The Coalition government rolled out Yellow Brick Road founder Mark Bouris and the heads of several real estate lobby groups in an attempt to keep pressure on Labor’s negative gearing policy.
Treasurer Josh Frydenberg, senator Zed Seselja, and Prime Minister Scott Morrison attended the meeting where concerns were raised chiefly about the timing of Labor’s policy.
“When you converge the royal commission and APRA regulation with a big fiscal policy change you are asking for trouble,” Mark Bouris said.
“Its not whether the policy is good or bad, it’s about the timing of it and as the third largest aggregator in Australia I can tell you there is market anxiety out there.”
Mr Bouris said that the royal commission and APRA caps had been lifted there was now more of a concern around “big new fiscal policies”.
About 66,549 teachers, 47,200 nurses and midwives and 8,106 emergency services personnel negatively gear. Of the 1.3 million Australians who declared a net rental loss, 588,169 were female.
The treasurer attacked Labor’s idea of fairness.
“More than six in 10 of those tax filers making a capital gain have a taxable income under $80,000. Labor’s idea of fairness is not only to discourage those hard working Australians who save, but to punish those who do.”
‘Labor’s plans are fair and progressive’
Opposition Treasurer Chris Bowen said the 1.3 million people receiving tax benefits from negative gearing would continue to under Labor.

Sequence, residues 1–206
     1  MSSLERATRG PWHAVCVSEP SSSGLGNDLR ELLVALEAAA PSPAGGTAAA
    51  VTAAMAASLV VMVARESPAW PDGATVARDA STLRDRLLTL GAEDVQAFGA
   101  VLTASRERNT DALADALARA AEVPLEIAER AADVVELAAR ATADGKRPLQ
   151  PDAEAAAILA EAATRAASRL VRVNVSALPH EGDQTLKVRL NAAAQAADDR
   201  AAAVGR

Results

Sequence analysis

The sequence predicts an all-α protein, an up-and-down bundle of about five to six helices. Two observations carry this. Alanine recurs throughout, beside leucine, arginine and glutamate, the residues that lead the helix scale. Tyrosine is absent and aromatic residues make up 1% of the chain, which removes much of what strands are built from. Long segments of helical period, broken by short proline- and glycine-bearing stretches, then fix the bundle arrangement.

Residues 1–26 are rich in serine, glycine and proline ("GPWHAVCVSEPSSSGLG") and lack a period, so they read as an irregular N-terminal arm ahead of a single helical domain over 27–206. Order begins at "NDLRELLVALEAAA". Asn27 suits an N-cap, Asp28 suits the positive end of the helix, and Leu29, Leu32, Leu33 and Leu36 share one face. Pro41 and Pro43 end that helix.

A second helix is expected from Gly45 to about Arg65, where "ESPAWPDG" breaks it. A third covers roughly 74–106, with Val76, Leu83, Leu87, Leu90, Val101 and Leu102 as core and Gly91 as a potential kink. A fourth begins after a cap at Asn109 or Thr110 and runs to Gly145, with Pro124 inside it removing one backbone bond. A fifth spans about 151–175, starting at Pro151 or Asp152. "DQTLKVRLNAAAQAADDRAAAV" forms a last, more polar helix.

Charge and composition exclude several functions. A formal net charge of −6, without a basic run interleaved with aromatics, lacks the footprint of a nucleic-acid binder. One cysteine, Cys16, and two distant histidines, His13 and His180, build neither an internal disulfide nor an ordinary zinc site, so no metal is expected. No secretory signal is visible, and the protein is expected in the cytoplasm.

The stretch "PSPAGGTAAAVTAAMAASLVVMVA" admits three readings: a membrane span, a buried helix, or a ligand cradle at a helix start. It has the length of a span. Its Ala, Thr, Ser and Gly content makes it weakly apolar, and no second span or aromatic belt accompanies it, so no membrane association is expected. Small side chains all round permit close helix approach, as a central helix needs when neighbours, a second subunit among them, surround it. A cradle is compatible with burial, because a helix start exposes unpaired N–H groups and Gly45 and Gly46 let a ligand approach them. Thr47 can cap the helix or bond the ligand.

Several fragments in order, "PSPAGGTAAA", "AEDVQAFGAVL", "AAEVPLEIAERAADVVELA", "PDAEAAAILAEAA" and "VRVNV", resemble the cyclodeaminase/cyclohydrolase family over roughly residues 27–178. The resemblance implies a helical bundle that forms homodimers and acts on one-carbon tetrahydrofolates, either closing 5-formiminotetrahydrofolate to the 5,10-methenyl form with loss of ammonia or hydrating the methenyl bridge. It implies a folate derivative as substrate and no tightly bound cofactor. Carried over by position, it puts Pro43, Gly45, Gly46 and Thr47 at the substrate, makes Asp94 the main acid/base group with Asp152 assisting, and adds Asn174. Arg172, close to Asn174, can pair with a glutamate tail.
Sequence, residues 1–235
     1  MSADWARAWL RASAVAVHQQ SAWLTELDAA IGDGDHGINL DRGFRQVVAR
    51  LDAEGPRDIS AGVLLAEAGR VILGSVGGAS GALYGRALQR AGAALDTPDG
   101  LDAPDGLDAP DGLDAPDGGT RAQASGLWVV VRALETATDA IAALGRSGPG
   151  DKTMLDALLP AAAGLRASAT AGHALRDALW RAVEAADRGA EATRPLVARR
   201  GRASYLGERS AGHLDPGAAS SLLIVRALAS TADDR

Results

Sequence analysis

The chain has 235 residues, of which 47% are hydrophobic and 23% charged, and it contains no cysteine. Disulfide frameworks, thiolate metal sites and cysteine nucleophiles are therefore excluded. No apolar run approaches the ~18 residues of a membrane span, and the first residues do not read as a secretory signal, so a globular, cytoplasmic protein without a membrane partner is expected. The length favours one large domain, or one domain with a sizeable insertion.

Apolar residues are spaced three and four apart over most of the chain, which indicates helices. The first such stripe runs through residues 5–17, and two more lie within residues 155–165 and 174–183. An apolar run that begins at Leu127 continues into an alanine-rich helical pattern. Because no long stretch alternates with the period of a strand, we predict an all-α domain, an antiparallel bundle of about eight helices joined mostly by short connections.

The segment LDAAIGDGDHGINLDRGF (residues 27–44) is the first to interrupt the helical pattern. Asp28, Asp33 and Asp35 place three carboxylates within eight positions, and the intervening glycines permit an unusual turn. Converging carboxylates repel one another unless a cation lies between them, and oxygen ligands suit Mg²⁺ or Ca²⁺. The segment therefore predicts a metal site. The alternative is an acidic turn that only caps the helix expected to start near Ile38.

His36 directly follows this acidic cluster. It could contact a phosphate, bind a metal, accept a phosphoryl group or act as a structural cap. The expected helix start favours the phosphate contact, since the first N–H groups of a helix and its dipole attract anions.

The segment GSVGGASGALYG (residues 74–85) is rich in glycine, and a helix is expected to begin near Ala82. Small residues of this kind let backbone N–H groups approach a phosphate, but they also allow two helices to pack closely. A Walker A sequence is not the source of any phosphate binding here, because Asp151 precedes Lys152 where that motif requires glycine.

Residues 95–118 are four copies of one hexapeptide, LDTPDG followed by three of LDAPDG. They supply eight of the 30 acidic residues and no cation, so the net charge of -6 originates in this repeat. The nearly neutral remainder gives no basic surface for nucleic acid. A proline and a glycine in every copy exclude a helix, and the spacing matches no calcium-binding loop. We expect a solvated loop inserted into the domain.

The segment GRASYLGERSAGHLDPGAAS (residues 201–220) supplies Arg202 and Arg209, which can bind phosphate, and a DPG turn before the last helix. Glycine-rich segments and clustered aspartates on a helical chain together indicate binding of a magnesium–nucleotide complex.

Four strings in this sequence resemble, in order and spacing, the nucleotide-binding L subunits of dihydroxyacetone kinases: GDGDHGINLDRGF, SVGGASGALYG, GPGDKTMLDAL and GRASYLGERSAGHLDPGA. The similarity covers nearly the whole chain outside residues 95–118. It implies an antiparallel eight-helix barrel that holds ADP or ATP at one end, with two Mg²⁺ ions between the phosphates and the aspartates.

‘Whether franking refunds or negative gearing concessions, the biggest beneficiaries are wealthier Australians which goes to show Labor’s plans are fair and progressive”.
The biggest lobby group in real estate, the Property Council of Australia, said the tax would curtail property as an investment option because new stock was only a small proportion of overall housing that investors can buy.
The Labor policy allows for only new stock to be newly negatively geared against overall income.
“It’s not the time to be making changes to negative gearing or capital gains tax that undermine investor confidence in new or established housing which helps meet the housing needs of the one-third of Australian households who rent,” Mr Morrison said.
One of the top house price forecasters SQM’s Louis Christopher told the roundtable that if Labor’s negative gearing changes were implemented yields on investment properties would have to rise and and that would mean rents would have to increase.
Other participants in the roundtable included director of hedge fund VGI Partners Global Investments Noel Whittaker, RiskWise Property Research chief executive Doron Peleg, Property Investment Professionals of Australia chairman Peter Koulizos and Real Estate Institute of Australia acting chief Jock Kreitals.
Matthew Cranston, Financial Review, 18 February 2019